Wednesday, July 12, 2006

The Law is For "Them"

Yet more fun at today's PMQs regarding our weapons of mass destruction programme (transcribed from the Beeb):
Jeremy Corbyn: Could the Prime Minister assure the House that the government is committed to the terms of the 1970 Non-Proliferation Treaty which does require the five declared nuclear weapons states to engage in a process of long term disarmament and does he not accept that rearmament by any of the five declared nuclear weapons states reduces any moral clout we might have in encouraging other states not to develop their own nuclear weapons and thus make the world a more dangerous place?

PM: Actually, we have made considerable reductions both in our system and, I think actually, in the number of warheads as well. And, of course it is true that progressively over time, if we can negotiate the right terms of this, we want to see a reduction in nuclear capability worldwide but it has to be done by negotiation.
Say what you like about Blair, when it comes to avoiding the issue he truly is the master.

Here's another reminder as to our treaty obligation:
NNPT, Article VI

Each of the Parties to the Treaty undertakes to pursue negotiations in good faith on effective measures relating to cessation of the nuclear arms race at an early date and to nuclear disarmament, and on a treaty on general and complete disarmament under strict and effective international control.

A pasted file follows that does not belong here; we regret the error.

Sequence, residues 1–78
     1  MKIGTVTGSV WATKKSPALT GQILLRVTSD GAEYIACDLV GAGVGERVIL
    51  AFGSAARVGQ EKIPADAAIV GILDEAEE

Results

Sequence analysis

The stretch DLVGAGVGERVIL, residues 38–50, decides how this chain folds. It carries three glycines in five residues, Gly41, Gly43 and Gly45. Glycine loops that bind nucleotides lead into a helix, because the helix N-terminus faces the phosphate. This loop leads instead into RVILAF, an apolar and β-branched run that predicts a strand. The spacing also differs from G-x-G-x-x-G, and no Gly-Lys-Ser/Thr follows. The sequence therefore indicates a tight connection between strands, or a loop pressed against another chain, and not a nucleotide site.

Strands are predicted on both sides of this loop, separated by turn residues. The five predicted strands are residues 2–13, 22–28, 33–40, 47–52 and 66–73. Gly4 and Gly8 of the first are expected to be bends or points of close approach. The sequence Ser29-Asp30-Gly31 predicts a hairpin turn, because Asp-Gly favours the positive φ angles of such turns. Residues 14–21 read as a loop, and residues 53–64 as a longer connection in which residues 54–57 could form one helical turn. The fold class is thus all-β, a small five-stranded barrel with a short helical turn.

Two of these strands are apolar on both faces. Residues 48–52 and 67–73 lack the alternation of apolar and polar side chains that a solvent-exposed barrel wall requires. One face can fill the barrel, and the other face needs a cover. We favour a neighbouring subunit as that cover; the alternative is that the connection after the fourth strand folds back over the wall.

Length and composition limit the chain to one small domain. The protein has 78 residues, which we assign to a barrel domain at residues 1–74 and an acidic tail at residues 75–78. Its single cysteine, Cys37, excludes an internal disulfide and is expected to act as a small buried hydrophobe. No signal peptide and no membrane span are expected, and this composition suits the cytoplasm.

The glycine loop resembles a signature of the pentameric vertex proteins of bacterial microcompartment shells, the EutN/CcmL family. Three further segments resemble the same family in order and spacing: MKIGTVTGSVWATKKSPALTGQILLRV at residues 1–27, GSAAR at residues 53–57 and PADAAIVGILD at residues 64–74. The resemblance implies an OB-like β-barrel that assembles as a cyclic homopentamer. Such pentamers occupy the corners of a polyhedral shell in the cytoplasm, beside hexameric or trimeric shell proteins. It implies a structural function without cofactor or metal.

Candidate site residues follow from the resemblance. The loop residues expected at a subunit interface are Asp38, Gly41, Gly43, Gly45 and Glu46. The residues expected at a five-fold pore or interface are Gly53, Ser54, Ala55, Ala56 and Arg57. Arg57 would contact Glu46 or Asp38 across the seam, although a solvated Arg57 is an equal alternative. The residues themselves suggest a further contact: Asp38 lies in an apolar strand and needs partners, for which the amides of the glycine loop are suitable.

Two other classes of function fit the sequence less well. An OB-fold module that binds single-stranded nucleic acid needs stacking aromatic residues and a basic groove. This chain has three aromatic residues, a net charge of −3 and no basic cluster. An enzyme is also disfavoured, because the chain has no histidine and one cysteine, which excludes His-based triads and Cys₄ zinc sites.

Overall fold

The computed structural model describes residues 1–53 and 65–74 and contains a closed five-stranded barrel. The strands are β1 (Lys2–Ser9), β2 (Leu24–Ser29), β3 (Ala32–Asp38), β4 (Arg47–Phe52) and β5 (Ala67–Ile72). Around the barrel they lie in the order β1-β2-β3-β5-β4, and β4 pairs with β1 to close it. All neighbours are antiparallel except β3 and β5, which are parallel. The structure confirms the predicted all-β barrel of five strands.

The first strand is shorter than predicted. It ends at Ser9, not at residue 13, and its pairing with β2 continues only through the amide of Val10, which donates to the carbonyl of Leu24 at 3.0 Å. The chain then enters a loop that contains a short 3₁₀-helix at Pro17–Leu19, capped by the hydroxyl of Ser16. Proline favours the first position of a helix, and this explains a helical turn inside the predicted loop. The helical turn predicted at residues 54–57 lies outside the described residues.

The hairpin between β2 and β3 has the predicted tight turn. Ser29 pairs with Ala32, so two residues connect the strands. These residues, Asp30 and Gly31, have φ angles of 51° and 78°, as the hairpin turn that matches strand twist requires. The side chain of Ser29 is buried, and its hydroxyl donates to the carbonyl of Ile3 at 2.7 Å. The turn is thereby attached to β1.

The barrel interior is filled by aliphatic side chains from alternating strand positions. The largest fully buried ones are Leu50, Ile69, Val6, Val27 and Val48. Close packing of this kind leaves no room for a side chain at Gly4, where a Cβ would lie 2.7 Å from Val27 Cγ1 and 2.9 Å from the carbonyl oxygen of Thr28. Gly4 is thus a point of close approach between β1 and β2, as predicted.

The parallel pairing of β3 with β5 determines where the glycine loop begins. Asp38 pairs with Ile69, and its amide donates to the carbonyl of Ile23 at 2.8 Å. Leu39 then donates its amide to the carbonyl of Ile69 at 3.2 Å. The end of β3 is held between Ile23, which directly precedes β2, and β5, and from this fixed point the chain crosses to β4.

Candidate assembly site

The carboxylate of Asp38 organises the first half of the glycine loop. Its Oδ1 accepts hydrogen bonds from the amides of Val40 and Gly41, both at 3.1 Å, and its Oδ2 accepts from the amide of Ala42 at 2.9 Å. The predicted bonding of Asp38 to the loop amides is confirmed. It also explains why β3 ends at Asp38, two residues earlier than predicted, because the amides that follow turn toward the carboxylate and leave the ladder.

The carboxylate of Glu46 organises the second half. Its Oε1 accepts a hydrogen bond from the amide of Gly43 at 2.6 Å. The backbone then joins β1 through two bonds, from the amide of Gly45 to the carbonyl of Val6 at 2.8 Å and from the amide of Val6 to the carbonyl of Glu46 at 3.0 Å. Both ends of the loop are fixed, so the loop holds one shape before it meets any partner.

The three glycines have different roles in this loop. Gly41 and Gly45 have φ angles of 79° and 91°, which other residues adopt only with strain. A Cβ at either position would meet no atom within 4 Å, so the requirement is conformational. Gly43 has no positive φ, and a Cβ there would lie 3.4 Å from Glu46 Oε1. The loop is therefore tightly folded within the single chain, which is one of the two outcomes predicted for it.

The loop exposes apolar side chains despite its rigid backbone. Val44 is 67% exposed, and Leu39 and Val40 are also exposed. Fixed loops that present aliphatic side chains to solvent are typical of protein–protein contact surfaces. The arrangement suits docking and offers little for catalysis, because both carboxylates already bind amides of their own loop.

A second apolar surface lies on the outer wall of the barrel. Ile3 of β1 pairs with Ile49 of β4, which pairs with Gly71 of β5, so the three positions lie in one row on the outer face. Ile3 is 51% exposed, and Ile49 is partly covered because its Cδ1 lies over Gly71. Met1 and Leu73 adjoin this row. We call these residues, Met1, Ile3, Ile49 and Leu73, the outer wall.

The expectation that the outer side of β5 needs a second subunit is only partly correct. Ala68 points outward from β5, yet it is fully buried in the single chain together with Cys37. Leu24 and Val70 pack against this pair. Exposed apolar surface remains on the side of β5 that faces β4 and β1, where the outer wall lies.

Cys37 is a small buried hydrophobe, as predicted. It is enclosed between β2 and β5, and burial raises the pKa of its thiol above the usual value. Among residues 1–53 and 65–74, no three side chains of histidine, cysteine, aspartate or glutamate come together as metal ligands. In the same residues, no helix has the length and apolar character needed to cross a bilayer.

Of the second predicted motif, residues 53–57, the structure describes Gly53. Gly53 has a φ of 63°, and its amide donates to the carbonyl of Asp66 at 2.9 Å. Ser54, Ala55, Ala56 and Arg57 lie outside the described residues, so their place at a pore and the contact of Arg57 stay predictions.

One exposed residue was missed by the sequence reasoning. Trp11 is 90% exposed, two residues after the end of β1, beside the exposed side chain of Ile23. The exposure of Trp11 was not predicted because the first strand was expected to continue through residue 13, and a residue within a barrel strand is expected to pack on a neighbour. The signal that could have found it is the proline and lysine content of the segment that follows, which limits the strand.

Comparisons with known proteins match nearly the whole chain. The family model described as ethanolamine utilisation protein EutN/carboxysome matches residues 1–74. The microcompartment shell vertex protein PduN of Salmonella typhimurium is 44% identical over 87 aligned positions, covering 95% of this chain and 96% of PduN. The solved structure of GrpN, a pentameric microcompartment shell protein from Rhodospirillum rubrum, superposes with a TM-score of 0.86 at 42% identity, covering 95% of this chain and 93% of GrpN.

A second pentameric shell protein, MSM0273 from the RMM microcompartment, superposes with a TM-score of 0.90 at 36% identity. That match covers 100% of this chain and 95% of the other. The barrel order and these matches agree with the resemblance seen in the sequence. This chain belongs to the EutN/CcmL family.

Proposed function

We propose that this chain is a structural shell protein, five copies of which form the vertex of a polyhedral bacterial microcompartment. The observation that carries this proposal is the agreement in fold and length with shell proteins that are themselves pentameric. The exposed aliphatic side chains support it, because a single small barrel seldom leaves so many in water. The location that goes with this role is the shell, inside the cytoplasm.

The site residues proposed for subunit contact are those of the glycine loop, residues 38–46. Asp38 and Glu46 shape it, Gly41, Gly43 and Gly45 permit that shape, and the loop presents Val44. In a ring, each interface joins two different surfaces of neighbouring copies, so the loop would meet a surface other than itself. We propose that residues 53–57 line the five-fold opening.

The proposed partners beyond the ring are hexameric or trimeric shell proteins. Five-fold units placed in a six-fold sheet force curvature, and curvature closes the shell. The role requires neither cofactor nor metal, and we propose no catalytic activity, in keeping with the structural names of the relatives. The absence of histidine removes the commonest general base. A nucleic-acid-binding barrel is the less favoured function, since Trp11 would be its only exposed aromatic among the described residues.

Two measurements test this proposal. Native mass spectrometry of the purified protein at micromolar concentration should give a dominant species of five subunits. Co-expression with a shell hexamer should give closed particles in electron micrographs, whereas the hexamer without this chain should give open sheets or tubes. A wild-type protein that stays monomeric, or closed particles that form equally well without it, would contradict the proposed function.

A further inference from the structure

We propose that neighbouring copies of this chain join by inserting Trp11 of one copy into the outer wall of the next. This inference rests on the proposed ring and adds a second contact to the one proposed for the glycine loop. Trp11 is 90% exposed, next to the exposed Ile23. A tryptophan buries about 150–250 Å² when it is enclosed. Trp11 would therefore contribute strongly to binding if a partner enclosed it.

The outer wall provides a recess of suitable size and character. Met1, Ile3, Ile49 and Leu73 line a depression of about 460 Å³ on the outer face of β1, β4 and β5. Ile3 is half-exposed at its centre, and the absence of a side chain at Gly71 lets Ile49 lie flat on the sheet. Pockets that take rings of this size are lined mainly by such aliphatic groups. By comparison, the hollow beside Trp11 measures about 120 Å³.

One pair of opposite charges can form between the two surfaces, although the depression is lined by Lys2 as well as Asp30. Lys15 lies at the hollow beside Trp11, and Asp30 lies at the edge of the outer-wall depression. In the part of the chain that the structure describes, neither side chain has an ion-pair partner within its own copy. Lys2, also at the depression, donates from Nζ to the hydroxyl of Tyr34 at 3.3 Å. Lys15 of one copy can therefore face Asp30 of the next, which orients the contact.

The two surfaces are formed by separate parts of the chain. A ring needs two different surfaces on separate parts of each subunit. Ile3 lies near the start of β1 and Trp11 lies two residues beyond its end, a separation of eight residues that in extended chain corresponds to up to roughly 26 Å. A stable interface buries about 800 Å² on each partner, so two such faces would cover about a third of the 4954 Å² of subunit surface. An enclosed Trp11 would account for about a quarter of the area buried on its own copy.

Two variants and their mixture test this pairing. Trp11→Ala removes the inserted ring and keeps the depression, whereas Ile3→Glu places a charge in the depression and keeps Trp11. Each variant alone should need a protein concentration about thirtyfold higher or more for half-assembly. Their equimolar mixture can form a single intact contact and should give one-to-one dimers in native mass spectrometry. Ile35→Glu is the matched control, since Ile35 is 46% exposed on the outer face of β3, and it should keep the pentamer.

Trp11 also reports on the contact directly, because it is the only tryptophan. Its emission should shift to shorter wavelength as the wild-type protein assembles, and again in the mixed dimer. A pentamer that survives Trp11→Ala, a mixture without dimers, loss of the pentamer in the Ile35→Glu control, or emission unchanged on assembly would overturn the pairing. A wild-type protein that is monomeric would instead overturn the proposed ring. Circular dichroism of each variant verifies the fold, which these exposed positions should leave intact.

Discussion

We have an international obligation to pursue negotiations towards a treaty on "general and complete disarmament".

Compare that to what Blair says he is willing to negotiate towards "progressively over time"; he says his government is prepared to negotiate towards a "reduction in nuclear capability". That is clearly not the same thing.

This isn't splitting hairs. A commitment by the nuclear weapons states to work towards "general and complete disarmament" is one of the fundamental pillars of the NNPT. This trade off, the promise not to develop nuclear weapons by non-nuclear states set against the disarmament commitment of the nuclear states, is one of the key reasons why the NNPT has been ratified by over 150 non-nuclear states.

The record now shows that the Prime Minister of our country is not willing to commit to this international obligation to work towards complete disarmament (not even "progressively over time"). Perhaps he is right to reject this treaty obligation. I don't believe he is but I can certainly see that there are rational arguments in support of such a position.

In the Prime Minister's case, reading between the lines, he doesn't seem to believe that complete disarmament is a viable goal. I'm putting words into his mouth slightly (which I'll happily stop doing when he starts answering questions properly) but it seems clear that he believes, as many others do, that support for complete disarmament is foolishly naive.

If we are to adopt such a position, however, we must realise that it is a position which makes a mockery of our actual international obligations under the NNPT. If we are to so repudiate the treaty as unworkable or naive, we must accept that this fundamentally weakens both the NNPT itself and our country's ability to call on other nations to adhere to its proliferation provisions.

To upgrade our nuclear weapons capability at this time would be a very public confirmation of the UK's abandonment of the goal of disarmament in the post Cold War world. The consequences and implications of such a move will have a serious impact on our international standing, on our future foreign policies and on the global climate in which they operate. These implications must be considered as part of the decision as to whether to renew our WMD programme. They must not be swept under the carpet, misrepresented as a trivial matter of concern only to tree huggers and woolly headed peaceniks. To renew our own nuclear arsenal would have serious consequences all around the world. Pretending this isn't so is not the way to an informed debate.

Tags: , , , ,

No comments: